Art, after all, is not only about content. It's also about context.

Last winter, Helen Molesworthy, curator at the Institute of Contemporary Art/Boston made her first trip to the Prado in Madrid. For the last 20 years, she has had a postcard of Velasquez's Las Meninas on her desk. She had read widely about the artist and about the work. Surely she has also seen it online. None of this prepared her for what happened when she stood before the real painting.

"I thought I knew what was going to happen. I didn't," Molesworth told me recently. "I was stunned by how unbelievably overwhelmed I was by the feeling I had in front of the picture. It was that kind of wonderful moment in which art really does crack you open, and you say: OK, how do I even get my bearings? And I'm a quote-unquote professional! I look at paintings. That is my job, and Las Meninas can do that to me. Now that says a great deal about that particular object. Maybe it's the best painting ever made. But it also says something about the experience of making the pilgrimage to a place. I think we forget that the art experience begins when you get your bag ready, you lock the door and drive to the airport. There's a runway to art, and the longer the runway the more intense the experience."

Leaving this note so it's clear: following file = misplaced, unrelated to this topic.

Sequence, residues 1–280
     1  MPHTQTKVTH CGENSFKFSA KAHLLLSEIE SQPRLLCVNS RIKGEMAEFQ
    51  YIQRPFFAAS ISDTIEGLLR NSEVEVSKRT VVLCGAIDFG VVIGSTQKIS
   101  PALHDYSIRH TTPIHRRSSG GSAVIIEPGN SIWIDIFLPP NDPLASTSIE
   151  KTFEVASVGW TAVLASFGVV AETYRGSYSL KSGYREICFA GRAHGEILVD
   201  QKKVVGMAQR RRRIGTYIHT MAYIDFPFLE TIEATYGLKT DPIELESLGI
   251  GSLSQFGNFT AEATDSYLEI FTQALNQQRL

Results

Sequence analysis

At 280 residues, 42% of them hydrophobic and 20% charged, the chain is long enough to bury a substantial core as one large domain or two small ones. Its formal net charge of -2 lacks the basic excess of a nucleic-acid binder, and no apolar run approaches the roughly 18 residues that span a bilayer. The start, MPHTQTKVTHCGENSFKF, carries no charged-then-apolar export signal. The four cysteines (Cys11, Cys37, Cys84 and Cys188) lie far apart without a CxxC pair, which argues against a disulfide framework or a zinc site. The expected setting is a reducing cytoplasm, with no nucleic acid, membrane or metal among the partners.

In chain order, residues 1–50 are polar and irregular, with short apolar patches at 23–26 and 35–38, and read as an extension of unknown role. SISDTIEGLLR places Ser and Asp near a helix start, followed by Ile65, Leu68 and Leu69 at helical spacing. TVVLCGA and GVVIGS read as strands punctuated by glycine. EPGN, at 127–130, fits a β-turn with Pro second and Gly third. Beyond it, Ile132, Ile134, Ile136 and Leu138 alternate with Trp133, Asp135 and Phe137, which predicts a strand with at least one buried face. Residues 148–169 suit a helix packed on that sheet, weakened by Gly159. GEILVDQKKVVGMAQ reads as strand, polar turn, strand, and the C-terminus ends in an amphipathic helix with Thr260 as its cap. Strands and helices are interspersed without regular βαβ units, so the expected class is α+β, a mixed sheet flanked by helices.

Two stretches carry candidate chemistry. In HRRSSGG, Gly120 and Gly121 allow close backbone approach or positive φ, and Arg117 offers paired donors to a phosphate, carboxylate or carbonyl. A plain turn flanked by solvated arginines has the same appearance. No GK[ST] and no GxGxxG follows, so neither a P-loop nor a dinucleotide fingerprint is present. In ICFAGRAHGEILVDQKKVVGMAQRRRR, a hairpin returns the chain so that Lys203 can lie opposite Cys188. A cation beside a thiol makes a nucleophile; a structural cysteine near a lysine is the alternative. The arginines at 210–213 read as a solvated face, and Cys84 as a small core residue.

In his 2009 book Michelangelo and the Sistine Chapel, art critic Andrew Graham-Dixon says the Chapel's paintings "represent one of the highest pinnacles of creative achievement - an equivalent, in the visual arts, to the poetry of Dante and Milton, or the music of Bach." He goes on to say that Michelangelo's innovative approach to the ceiling blazed a stylistic trail that compares to nothing less than Shakespeare establishing literature's first fully imagined inward-looking character in Hamlet.

Of course, you can find Dante, Milton, Bach and Hamlet online, and each click enables education and scrutiny. And I would not presume to state that inspiration, understanding and Molesworth's "crack you open" moment absolutely cannot happen online. But education and scrutiny aren't exactly love. And my guess is that Molesworth is talking about just that in her "crack open" moment. What she felt that day may well be the equivalent of falling in love but with a work of art, with an encounter of beauty so profound that you suddenly recognize the depths - or in this case the heights - of humanity.

"I work in museums because I am in love with the kind of experience you can have when you cross the threshold into a place that says you are not in real life any more," says Molesworth. "You are in this other place that's set aside in our culture so that you can slow down and think and walk and talk in different ways than we can when we're outside this building. I believe in that."

You can, of course, slow down at your computer. So in the end, the experience of art may be about decision making on what you're willing to give up (a sore neck) and what you are willing to invest (your soul).

Lots of non-arts lovers may explore the Sistine Chapel site and come to appreciate something about the real sight - or maybe will use the link as a gateway to an increasing desire for art. Novelists, painters, designers and procrastinators - all creative people - may also find the site a useful tool. Like Molesworth, I can't deny that I spend a good portion of my day taking in some form of art online. That is our modern world at work. But let's hope the virtual contact enhances our falling in love in museums and other public spaces. Like Facebook.